Aim: Colorectal cancer (CRC) is a major cause of cancer death in New Zealand. Incidence and mortality rates are regularly reported but more detailed information concerning the epidemiology of the disease is not readily available. The aim of this study is to describe the epidemiology of colorectal cancer, with particular reference to gender; subsite distribution; stage at diagnosis; tumour grade; the contribution of recognisable aetiological factors; and the resection rate and type of surgery performed for rectal cancer.
Methods: All 2272 pathology reports of colorectal cancer submitted to the National Cancer Registry for the year 2000 were reviewed and restaged according to the classical Dukes system. Age, gender, stage, subsite distribution, differentiation, tumour type, associated pathology and type of rectal cancer specimen were recorded.
Results: The gender ratio for all cases was equal. One third of resected cancers were in the rectum, one third in the left colon and one third were proximal to the splenic flexure. Men had more rectal cancer (M:F 1.6:1) and women more colon cancer (0.9:1). Right-sided cancers were of significantly higher grade than left-sided cancers. The proportion of right-sided cancers increased with advancing age in both men and women. Three per cent of patients had synchronous tumours and 0.2% of patients had phenotypic features of familial adenomatous polyposis (FAP). Fourteen per cent of patients were Dukes stage A at diagnosis, 43% stage B and 43% stage C. Rectal cancers were more likely to be stage A than colon cancers (odds ratio 1.6). Stage and grade of CRC were significantly associated. Ninety one per cent of cancers were resected; 29% of patients with rectal cancer had an abdominoperineal resection and 6% a local excision.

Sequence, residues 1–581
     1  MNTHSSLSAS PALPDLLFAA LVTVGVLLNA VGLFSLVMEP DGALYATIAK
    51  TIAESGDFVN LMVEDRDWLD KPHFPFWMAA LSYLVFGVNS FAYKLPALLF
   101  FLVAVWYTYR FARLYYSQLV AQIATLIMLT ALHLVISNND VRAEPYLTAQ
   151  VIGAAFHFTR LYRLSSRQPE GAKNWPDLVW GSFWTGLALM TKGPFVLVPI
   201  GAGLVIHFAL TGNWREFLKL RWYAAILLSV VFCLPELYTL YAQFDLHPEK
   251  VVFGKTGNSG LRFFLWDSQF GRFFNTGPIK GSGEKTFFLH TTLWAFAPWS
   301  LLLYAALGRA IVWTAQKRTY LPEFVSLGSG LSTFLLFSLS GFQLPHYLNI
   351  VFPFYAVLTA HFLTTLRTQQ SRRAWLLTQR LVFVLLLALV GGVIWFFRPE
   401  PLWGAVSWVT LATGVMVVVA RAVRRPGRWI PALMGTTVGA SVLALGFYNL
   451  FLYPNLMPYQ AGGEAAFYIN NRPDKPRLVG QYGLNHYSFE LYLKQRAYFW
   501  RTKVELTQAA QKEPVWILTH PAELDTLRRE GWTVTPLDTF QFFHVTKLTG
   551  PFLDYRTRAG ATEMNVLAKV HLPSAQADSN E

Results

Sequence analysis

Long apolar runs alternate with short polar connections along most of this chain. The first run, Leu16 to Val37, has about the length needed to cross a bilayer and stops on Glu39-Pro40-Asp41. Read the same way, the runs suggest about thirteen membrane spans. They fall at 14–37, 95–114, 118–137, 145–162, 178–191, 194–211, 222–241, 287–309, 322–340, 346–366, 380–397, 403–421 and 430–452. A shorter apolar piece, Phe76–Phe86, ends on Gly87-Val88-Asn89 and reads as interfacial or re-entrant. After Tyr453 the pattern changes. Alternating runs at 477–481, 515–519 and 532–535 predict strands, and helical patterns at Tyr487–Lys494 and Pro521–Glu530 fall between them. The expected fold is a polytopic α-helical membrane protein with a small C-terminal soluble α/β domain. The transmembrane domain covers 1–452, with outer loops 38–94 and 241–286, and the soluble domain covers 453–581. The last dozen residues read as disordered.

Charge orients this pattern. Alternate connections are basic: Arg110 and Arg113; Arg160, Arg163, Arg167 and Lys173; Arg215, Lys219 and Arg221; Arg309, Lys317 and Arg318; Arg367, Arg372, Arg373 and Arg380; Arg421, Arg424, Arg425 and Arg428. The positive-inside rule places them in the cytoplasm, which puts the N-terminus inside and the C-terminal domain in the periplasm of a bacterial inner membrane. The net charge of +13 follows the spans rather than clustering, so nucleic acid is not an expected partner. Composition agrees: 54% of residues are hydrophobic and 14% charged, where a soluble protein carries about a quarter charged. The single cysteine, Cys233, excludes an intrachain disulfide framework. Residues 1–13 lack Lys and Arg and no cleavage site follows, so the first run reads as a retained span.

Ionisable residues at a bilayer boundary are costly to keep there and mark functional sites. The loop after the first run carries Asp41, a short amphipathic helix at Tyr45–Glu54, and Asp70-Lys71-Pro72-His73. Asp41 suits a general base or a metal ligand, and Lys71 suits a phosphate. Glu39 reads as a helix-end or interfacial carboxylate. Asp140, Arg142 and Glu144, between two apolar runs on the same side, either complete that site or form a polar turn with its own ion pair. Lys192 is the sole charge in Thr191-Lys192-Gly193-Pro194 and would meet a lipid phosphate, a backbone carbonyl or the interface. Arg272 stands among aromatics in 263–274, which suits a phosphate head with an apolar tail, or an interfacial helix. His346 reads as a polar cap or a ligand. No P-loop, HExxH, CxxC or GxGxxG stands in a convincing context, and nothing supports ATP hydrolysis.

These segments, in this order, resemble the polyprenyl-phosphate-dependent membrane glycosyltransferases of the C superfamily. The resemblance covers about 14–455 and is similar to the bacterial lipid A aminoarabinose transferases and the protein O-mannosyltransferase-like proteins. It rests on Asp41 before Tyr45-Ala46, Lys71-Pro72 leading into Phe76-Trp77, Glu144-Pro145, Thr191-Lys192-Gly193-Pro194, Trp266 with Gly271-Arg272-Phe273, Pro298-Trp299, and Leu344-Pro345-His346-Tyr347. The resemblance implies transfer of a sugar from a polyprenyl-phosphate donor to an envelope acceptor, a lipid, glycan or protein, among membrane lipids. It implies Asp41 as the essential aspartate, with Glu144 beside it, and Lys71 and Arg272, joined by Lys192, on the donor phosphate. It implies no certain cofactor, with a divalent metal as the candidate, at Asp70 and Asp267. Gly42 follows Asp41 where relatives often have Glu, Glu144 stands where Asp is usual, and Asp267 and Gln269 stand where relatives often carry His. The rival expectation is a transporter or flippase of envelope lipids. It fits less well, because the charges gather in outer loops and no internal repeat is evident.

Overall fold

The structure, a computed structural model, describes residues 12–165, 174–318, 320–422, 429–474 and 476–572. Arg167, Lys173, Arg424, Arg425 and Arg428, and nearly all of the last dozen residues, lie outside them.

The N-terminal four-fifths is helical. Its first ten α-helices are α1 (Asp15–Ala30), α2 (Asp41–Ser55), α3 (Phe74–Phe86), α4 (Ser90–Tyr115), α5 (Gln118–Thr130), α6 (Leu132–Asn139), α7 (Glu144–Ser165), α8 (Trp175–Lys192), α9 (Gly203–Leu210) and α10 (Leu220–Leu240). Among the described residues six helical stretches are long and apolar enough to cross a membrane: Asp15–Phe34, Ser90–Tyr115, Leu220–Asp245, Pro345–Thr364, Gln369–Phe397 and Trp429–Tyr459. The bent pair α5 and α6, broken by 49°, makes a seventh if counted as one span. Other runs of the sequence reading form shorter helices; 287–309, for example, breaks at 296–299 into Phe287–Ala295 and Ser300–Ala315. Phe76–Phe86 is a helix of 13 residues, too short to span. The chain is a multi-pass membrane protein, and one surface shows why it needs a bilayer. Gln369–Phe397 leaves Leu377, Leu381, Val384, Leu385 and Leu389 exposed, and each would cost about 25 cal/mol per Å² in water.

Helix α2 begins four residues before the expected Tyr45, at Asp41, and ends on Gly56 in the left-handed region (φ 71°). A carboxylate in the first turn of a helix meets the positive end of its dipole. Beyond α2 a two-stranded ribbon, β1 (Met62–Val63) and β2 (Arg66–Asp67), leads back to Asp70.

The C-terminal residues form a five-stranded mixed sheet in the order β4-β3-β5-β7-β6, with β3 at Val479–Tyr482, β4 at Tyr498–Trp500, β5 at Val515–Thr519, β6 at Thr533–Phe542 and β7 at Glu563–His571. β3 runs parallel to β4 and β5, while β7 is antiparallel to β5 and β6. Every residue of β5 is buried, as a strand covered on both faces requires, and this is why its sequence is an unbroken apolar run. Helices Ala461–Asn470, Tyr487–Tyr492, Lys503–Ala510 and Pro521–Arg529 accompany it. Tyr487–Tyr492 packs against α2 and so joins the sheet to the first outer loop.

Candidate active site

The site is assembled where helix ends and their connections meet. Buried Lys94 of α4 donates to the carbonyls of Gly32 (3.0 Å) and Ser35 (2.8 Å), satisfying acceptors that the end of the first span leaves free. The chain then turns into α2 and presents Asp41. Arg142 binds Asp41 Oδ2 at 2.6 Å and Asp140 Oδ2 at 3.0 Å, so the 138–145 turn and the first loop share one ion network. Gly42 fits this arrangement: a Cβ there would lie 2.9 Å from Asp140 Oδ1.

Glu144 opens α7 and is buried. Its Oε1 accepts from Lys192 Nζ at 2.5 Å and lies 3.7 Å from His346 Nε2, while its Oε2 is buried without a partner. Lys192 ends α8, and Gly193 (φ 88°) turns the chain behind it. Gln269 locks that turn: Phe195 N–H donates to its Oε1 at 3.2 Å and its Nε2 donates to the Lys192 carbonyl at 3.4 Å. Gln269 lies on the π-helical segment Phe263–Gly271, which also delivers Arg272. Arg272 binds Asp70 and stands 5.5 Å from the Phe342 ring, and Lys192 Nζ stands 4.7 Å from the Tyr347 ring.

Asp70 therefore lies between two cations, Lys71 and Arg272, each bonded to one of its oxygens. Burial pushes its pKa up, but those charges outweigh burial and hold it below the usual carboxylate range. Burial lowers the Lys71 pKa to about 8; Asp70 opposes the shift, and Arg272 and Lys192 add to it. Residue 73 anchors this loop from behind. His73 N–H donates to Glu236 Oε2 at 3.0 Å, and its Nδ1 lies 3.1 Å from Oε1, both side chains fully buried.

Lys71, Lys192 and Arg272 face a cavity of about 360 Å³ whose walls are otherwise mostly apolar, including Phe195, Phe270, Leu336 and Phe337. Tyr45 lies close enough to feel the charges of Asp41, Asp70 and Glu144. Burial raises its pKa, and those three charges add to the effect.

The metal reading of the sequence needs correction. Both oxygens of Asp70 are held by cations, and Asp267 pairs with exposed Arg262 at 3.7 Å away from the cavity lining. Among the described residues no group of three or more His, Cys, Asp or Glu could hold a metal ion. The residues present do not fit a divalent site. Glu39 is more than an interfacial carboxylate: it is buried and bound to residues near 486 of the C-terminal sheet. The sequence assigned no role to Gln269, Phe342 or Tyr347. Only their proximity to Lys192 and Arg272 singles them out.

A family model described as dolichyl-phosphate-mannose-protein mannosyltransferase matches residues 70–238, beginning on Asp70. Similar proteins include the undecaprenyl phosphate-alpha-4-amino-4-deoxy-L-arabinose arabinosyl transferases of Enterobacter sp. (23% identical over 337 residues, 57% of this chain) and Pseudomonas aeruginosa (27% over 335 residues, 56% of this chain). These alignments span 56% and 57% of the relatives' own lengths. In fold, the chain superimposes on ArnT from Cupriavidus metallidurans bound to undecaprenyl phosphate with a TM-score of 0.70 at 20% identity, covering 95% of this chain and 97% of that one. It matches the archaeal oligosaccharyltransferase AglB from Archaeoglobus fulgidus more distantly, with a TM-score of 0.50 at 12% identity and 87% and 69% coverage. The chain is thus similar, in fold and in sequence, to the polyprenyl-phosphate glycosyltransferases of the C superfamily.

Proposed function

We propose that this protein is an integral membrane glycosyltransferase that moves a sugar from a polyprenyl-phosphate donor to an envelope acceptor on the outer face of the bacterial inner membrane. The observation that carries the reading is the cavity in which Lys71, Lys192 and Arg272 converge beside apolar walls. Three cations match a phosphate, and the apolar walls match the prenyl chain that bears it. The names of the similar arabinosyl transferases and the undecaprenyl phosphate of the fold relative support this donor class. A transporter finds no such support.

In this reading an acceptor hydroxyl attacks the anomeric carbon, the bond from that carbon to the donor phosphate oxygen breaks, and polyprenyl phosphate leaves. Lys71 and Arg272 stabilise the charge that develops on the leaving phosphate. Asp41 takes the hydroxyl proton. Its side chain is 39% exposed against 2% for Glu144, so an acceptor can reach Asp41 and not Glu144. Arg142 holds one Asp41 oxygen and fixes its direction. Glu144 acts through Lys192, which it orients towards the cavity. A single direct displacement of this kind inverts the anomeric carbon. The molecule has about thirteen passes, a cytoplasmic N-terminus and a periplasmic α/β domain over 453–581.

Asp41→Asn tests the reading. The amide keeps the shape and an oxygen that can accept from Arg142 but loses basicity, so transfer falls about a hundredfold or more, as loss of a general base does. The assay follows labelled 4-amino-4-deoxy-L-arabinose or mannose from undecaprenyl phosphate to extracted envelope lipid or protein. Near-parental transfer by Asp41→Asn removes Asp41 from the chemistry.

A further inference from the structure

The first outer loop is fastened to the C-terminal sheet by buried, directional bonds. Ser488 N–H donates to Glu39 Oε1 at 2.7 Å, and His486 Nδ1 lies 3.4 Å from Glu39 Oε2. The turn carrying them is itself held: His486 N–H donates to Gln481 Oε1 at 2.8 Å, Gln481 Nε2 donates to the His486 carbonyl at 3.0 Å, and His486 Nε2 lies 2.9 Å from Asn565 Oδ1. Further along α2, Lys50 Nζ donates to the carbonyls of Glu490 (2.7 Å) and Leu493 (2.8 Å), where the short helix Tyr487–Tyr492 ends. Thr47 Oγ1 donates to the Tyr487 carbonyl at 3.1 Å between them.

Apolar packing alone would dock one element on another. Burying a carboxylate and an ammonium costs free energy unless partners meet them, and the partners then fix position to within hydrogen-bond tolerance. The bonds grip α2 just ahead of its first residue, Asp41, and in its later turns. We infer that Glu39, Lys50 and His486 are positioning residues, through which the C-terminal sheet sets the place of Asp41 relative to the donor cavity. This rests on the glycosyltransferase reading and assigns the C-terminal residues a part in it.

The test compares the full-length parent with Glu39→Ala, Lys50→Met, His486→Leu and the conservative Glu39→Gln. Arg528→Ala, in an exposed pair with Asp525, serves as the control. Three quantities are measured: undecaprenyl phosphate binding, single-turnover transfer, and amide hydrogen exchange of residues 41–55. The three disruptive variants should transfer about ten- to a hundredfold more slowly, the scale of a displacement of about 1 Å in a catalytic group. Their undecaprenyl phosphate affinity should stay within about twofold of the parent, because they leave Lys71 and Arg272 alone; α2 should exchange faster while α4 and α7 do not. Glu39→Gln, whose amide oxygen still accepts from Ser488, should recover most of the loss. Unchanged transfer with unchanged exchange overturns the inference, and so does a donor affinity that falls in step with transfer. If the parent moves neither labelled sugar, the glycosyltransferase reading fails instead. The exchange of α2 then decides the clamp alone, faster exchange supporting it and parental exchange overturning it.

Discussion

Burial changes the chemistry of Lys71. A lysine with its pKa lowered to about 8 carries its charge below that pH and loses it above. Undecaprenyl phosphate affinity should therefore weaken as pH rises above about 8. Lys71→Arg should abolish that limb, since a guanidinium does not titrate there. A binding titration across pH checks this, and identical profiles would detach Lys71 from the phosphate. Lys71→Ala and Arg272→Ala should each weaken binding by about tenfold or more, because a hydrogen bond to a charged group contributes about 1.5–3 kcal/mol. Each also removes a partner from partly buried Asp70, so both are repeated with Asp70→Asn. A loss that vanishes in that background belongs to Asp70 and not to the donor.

Conclusions: The current stage distribution of CRC is in keeping with a predominantly unscreened population. The subsite distribution of cancer and its relationship to age and gender are similar to other high-risk countries; however, its relationship to grade of tumour has not previously been reported. An abdominoperineal resection rate of 29% reflects the mix of specialised colorectal and general surgical units treating rectal cancer in New Zealand and is in line with or better than recent overseas data that reflect national or regional practice.